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Thursday Seminars - From quantum computational physics to the origins of life

Thursday, March 24 2022, 11.00 am

by A. Marco Saitta,
Professor at IMPMC - Sorbonne Université, CNRS, MNHN, Paris

¡¡¡¡Seminar postponed to a later date  !!!!

 

Computational approaches are nowadays a full, self-standing branch of chemistry, both for their quantum-based (“ab initio”) accuracy, and for its multiscale extent.

In prebiotic chemistry, however, due to the intrinsic complexity of the chemical problems, ab initio atomistic simulations have so far had a limited impact, with the exception of a few relevant studies [1], including the elucidation of the chemical interactions between biomolecules with surfaces, such as ice and minerals, or the simulation of the effect of the pressure/temperature shock waves induced by meteorite impacts in the early Earth.

Surprisingly, even the celebrated Miller experiments, which historically reported on the spontaneous formation of amino-acids from a mixture of simple molecules reacting under an electric discharge, had never been studied at the quantum atomistic level.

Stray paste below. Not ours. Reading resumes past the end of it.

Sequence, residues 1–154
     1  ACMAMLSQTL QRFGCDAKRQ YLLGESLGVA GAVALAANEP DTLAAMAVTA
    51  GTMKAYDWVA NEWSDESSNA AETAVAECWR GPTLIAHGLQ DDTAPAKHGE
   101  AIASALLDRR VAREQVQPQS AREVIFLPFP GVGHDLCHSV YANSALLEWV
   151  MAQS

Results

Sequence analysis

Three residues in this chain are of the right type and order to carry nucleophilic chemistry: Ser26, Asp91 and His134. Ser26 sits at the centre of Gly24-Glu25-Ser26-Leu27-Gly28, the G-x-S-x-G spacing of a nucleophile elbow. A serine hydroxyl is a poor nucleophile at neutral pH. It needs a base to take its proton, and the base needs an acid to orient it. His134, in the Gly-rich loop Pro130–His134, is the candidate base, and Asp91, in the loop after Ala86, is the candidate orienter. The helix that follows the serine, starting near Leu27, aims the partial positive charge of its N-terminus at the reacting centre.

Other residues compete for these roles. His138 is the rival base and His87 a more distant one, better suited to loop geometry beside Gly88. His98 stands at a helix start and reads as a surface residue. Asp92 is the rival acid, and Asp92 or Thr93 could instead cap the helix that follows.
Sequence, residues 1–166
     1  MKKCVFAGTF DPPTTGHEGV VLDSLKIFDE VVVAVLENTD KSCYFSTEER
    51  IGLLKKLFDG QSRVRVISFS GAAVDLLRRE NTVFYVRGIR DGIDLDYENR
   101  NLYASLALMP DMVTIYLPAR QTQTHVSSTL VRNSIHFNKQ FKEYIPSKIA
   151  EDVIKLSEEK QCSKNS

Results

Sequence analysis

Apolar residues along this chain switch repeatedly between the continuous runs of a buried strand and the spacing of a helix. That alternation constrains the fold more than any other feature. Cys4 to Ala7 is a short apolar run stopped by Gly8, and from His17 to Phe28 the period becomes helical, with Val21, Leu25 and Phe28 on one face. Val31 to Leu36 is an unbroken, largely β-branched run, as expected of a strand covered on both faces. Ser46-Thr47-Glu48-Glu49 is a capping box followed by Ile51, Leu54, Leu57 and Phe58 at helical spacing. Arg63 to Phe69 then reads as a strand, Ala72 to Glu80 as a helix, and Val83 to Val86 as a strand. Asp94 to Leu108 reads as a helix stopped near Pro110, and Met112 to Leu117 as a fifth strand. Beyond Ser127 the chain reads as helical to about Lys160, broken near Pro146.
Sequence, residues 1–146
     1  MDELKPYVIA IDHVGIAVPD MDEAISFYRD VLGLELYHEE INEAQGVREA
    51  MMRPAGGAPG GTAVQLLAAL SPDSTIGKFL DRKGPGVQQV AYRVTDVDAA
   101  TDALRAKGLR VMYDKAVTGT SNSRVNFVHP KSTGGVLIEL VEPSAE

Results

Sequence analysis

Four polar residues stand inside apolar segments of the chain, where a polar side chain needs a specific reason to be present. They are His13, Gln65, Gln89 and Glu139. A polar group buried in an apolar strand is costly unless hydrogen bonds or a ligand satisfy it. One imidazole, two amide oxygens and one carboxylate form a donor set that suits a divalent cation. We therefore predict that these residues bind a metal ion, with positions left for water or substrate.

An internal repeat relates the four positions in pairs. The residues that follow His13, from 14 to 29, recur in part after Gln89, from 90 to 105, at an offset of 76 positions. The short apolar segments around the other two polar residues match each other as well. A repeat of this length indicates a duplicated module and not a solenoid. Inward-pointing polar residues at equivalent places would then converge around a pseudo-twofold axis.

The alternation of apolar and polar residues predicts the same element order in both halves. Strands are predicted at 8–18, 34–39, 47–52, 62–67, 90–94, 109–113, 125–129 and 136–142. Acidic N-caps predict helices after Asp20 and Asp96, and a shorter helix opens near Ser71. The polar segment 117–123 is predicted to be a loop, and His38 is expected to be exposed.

Here we set the general problem of ab initio calculations in prebiotic chemistry by defining chemical networks within a new topology-based definition of reaction coordinates [1]. We thus report on the first ab initio computer simulations, based on quantum physics and a fully atomistic approach, of the celebrated Miller experiment in the condensed phase.

Our study [2] shows that glycine spontaneously form from mixtures of simple molecules once an electric field is switched on. We identify formic acid and formamide [3] as key intermediate products of the early steps of the Miller reactions, and the crucible of formation of complex biological molecules, as confirmed by our recent experimental and theoretical study on high-energy chemistry of formamide [4].

From a broader chemical perspective, we show that formamide plays the role of hub of a complex reaction network in both the gas and the condensed phase [5]. We are now going on a larger scale, studying the atomistic mechanisms of RNA nucleotides synthesis [6], amino acids [7,8] and sugars [9] in fully realistic prebiotic solution environments.

All these results pave the way to novel computational approaches in the research of the chemical origins of life [1], where we are integrating new approaches based on machine learning [10].

Literature References :

[1] Physics of Life : Reviews (2020). [2] PNAS (2014). [3] PNAS (2015a). [4] PNAS (2017). [5] PNAS (2015b). [6] J. Phys. Chem. Lett. (2018). [7] ACS Earth Space Chem (2018). [8] J. Phys. Chem. Lett (2021). [9] Chem Comm (2018). [10] manuscript in preparation